Reducing The Risks Of Endometriosis

2011-07-01 | |
Last updated: 2011-07-01

For women in their reproductive years, that “time of the month” is often associated with discomfort, cramps and pain. For some women, the symptoms are relatively mild while for others, several days each month are spent enduring considerable suffering. One of the causes of serious menstrual pain is a condition called Endometriosis.

While Endometriosis is relatively common, affecting as many as 1 in 7 women, it is a condition that is often under diagnosed. On average, women with the condition are diagnosed 6 to 12 years after the onset of the first symptoms because these symptoms can vary significantly. Among women with the condition, 30 to 40% suffer fertility problems. Many others suffer a reduction in quality of life from the pain. Because of this, it is important that women understand the risk factors for developing the condition.

What Is Endometriosis?

Endometriosis is a medical condition in which specific cells that are normally located in the uterus develop outside of the uterus. The cells in question are those that normally accumulate and shed during the menstrual cycle. For women with Endometriosis, these cells can develop on the ovaries, bladder, kidneys, and intestines just to name a few locations. The growths are a form of tumor, but one that is considered benign.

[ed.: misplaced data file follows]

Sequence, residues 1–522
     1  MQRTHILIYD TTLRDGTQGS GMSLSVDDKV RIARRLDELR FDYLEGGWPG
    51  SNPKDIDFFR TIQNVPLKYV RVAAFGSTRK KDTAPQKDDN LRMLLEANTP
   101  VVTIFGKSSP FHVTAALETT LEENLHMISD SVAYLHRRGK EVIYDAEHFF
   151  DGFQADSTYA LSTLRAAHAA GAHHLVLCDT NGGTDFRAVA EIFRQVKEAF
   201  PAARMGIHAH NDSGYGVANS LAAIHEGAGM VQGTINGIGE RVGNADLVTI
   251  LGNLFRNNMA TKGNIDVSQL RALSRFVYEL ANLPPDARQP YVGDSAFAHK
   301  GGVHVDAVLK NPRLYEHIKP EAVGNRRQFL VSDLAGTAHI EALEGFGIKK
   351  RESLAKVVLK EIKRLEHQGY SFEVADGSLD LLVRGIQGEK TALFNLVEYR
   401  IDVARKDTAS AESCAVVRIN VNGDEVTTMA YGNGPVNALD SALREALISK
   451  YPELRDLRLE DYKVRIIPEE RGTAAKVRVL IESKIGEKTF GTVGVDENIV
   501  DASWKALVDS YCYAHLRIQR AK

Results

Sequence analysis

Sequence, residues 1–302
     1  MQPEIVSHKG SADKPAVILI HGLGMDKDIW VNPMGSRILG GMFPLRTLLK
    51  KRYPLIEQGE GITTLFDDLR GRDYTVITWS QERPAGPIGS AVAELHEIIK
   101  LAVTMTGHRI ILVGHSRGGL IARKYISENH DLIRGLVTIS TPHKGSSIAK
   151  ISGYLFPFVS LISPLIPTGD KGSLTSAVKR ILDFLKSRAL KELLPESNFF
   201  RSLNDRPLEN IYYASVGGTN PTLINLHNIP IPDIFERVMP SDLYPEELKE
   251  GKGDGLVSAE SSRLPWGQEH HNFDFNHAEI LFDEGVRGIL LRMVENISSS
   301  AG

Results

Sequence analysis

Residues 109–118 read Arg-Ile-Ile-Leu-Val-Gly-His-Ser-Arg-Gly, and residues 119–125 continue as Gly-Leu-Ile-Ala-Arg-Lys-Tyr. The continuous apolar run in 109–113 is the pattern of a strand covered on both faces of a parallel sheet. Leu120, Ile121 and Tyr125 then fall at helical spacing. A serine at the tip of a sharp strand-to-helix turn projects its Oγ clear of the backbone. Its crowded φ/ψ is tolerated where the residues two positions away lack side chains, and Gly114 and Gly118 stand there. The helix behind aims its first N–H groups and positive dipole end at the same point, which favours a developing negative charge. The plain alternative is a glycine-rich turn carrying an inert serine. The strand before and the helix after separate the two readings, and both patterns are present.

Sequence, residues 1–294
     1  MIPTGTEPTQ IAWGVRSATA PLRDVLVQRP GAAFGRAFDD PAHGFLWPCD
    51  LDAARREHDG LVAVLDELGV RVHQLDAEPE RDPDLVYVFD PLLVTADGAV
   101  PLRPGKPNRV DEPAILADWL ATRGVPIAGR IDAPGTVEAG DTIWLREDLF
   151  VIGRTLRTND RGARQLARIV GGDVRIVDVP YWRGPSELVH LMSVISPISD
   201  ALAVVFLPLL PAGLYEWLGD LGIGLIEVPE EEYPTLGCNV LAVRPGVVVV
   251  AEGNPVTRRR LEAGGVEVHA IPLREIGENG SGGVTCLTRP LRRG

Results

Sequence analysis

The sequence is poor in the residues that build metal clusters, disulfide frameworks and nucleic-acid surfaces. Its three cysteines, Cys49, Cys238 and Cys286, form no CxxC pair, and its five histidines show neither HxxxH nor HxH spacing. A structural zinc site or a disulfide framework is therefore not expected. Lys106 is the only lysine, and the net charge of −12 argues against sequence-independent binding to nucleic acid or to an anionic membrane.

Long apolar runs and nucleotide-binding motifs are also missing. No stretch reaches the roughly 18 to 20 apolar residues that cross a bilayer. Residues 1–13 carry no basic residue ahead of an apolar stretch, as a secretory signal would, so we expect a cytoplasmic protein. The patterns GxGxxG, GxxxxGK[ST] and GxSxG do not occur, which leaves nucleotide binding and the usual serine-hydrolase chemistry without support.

Because these growths are made of the same type of cell tissues that build up and later break down during the menstrual cycle, the cells can cause problems when not located in the uterus. The growth and breakdown of the cells outside of the uterus can cause scar tissue formation and the development of cysts. This can subsequently lead to the infertility and pain faced by many women with Endometriosis.

Although the pain of Endometriosis is often associated with the monthly reproductive changes in the female body, it does have other effects. Endometriosis can also lead to painful sex. As well, the misplaced cell growths can affect women after menopause to cause pain well after a woman’s reproductive years have ended. Lastly, women with Endometriosis can suffer from chronic abdominal pain with as many as 1 in 7 cases of such pain being the result of Endometriosis.

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Category: Disease Prevention

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